Week In News: Romney Wins Energize Campaign
JACKI LYDEN, HOST:
It's WEEKENDS on ALL THINGS CONSIDERED. I'm Jacki Lyden.
(SOUNDBITE OF RADIO SHOW, "THE RUSH LIMBAUGH SHOW")
RUSH LIMBAUGH: What does it say about the college coed Susan Fluke, who goes before a congressional committee and essential says that she must be paid to have sex? What does that make her? That makes her a slut, right? Makes her a prostitute.
LYDEN: Conservative commentator Rush Limbaugh caused national outrage this week with several comments he made about Sandra Fluke, a Georgetown law student who testified in favor of mandatory employer health coverage of contraception. The comments caused such a furor that President Obama personally reached out to Fluke yesterday. And just this evening, Limbaugh issued an apology, saying, my choice of words was not the best. And in the attempt to be humorous, I created a national stir. I sincerely apologize to Ms. Fluke for the insulting word choices.
I spoke earlier with Chicago Tribune columnist Clarence Page, who said the controversy has put Republicans in an uncomfortable position.
CLARENCE PAGE: There's new pressure now, and it trivializes a very serious issue to many folks out there, women's health, as well as the religious freedom issue, et cetera. It has now become the kind of an issue that the Republican candidates are being asked about and the - what John Boehner, Speaker of the House - 75 Democrats has signed a letter calling on him to condemn Limbaugh.
And as one commentator said, there's - now, the new test of political correctness on the Republican side is how hard can you come out against Rush Limbaugh.
LYDEN: Let's turn to the upcoming primary, Super Tuesday. This week, we watched the Republican primaries in both Michigan and Arizona. Romney, of course, won both with just a slight edge in Michigan, his home state. Now, Clarence, Romney has a significant lead in the delegate count. Why is he still not seen as the clear front-runner?
PAGE: Because he doesn't have that clear lead as far as the votes are concerned. He's had a difficult time trying to consolidate enough votes out there to clinch the nomination or even to win a majority in the individual states that he has won.
LYDEN: Clarence, you write and talk about Ohio, of course, tomorrow, when we look ahead Super Tuesday on the show. But the state is so key it might as well be called Super Ohio Tuesday.
LYDEN: Why is Ohio so much in the forefront?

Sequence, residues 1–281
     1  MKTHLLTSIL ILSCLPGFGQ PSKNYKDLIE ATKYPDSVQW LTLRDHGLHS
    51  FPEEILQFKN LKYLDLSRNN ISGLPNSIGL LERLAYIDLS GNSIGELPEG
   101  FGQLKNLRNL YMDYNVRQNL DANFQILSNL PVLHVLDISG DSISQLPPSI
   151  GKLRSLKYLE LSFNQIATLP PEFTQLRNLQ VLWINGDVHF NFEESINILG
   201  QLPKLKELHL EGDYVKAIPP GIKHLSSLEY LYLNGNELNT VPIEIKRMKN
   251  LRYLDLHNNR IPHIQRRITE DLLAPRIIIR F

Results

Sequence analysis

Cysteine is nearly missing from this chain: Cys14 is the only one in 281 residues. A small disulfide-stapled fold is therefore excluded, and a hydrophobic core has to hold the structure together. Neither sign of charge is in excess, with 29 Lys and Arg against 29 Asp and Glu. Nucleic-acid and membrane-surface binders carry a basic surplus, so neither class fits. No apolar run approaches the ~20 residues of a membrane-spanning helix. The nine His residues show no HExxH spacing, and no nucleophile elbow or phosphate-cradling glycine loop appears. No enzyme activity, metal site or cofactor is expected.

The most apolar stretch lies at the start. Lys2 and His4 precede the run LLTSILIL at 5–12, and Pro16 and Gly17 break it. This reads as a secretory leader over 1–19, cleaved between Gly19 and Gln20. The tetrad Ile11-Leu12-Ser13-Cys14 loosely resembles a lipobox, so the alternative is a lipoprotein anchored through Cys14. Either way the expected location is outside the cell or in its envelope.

PAGE: Well, first of all, as they say, every Republican map to Washington goes through Ohio. That's one of those states that's a real must-win. It's also very similar to Michigan, which we just saw last week. It's a real good debate platform for how do you bring (unintelligible) back to the old Rust Belt. And Ohio once had a quite upset the way their economy has been going. They have gone back and forth between the Republicans and Democrats in the recent elections.
And right now, President Obama's auto bailout, as it's called, has helped northern Ohio because a lot have got - those Detroit industries. They're cars, tires, et cetera, come out of northern Ohio. So to some degree, President Obama is looking better in Ohio than the Republican leaders are.
LYDEN: I want to turn to the White House and foreign policy. President Obama meets with Israeli Prime Minister Benjamin Netanyahu at the White House on Monday, and he has warned Israelis that they'll only make a bad situation worse if they move preemptively against Iran. He's also taken a hard-line stance against Iran, saying, the U.S. will use military force, if need be, to prevent Iran from developing a bomb. He's not bluffing. Clarence, what message is the president trying to send here?
PAGE: That last one you mentioned that he's not bluffing, that really moves football down the field considerably as far as toughening up his stance, moving him closer to what Benjamin Netanyahu would like to see and what many other supporters of Israel would like to see. At the same time, he's trying to be evenhanded here. He's putting a pressure on both Iran and on Israel. And this plays into the election campaign this year, too, because he's gotten a lot of pressure from supporters of Israel as to why he hasn't been to Israel, why he hasn't done more.
LYDEN: That's Clarence Page. He's a columnist for the Chicago Tribune. Clarence, thanks for coming in.
PAGE: Thank you.
NPR transcripts are created on a rush deadline by a contractor for NPR, and accuracy and availability may vary. This text may not be in its final form and may be updated or revised in the future. Please be aware that the authoritative record of NPR’s programming is the audio.